The Lattice House Inn, King's Lynn - geograph.org.uk - 1589499There was however a considerable coastal and local business to keep the port in business throughout these tougher times and later the town boomed all over again with increasing shipments of wine arriving from Portugal, Spain and France. Besides that the exporting of agricultural produce grew after the draining of the fens through the Mid-17th Century, what's more, it developed an important shipbuilding industry. The rail service reached King's Lynn in the 1840s, bringing more trade, visitors and prosperity to the town. The population of the town expanded considerably during the nineteen sixties given it became an overflow town for London.

The town can be accessed by car from the A17, the A10 and the A149, it's about thirty eight miles from Norfolk's capital Norwich and ninety four miles from Central London. King's Lynn may also be reached by train, the nearest international airport to King's Lynn is Norwich International (46 miles) a driving time of about an hour.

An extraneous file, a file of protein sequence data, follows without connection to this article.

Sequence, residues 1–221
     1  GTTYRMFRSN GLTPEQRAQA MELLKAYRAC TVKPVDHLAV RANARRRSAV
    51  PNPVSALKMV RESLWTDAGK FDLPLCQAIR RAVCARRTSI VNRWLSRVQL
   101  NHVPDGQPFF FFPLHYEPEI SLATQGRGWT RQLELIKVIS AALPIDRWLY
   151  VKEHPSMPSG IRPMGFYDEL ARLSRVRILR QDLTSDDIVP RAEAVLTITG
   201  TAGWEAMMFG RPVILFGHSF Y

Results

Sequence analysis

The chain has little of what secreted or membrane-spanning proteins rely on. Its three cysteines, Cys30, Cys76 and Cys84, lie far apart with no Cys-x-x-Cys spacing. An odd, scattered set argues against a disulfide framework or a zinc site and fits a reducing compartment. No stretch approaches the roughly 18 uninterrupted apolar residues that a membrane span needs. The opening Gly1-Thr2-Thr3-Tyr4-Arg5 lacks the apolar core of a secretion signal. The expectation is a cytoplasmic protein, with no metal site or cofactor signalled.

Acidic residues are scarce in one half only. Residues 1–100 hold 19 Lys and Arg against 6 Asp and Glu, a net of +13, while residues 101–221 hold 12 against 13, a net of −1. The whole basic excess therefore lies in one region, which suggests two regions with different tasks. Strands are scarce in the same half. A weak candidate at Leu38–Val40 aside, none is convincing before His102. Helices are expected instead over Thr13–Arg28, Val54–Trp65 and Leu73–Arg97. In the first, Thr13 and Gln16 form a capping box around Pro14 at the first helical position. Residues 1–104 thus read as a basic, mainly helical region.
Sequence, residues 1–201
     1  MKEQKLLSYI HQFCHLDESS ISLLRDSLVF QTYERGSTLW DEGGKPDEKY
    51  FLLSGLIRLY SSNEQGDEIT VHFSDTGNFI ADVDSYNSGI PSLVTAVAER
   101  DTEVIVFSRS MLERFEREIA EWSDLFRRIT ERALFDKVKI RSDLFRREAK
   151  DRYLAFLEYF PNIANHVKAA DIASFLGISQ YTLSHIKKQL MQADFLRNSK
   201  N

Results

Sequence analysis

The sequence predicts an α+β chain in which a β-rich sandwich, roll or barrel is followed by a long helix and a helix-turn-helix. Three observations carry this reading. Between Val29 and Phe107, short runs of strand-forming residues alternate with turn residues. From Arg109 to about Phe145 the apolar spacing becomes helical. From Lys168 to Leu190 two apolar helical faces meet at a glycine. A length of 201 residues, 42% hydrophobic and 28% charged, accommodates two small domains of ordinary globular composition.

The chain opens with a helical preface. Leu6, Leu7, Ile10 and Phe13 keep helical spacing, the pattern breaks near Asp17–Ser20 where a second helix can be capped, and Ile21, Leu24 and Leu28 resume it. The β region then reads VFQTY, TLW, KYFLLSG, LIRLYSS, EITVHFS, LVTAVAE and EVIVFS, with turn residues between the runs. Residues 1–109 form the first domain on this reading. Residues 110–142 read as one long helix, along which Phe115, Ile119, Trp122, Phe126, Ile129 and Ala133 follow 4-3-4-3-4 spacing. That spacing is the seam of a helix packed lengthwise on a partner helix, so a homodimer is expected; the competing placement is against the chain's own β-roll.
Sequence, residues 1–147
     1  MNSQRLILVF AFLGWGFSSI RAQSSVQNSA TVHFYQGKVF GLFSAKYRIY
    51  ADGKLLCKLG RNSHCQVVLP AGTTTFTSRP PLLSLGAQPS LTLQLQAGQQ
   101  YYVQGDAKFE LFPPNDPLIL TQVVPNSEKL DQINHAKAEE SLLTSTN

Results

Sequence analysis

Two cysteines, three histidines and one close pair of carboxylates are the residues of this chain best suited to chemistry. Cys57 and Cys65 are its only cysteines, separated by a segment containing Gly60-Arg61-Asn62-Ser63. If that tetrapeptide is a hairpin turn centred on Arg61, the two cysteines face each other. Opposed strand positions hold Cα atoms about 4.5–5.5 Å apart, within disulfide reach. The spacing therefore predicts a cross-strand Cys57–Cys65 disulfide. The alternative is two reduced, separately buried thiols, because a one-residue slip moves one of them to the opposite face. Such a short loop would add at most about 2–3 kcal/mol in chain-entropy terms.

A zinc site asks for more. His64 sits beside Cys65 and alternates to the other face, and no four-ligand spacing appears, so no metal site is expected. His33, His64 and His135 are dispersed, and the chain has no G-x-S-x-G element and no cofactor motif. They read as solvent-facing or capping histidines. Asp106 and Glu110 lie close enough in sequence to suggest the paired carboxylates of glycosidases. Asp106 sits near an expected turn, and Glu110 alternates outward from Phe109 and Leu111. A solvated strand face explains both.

A selection of Kings Lynn streets and roads: Long Row, Black Drove, Castle Close, Arundel Drive, Pullover Road, Pynkney, Bunkers Hill, Silver Drive, Lime Kiln Road, Baker Close, Stoney Road, Barton Court, Greenlands Avenue, Goodwins Road, Massingham Road, Gaywood Hall Drive, River Bank, Blackford, Queens Avenue, Norwich Road, St Johns Road, Segrave Road, West Dereham Road, Crofts Close, Avon Road, Reynolds Way, Bure Close, River Lane, Witton Close, Orchard Lane, Hyde Park Cottages, Gainsborough Court, Fengate, Garden Road, Rogers Row, Harewood Parade, Oaklands Lane, Hunstanton Road, Burnthouse Drove, Walcups Lane, Dukes Yard, Summerwood Estate, Reg Houchen Road, Chestnut Road, Barnwell Road, Premier Mills, Alms Houses, Herrings Lane, Brellows Hill, Elm Road, Water End Lane.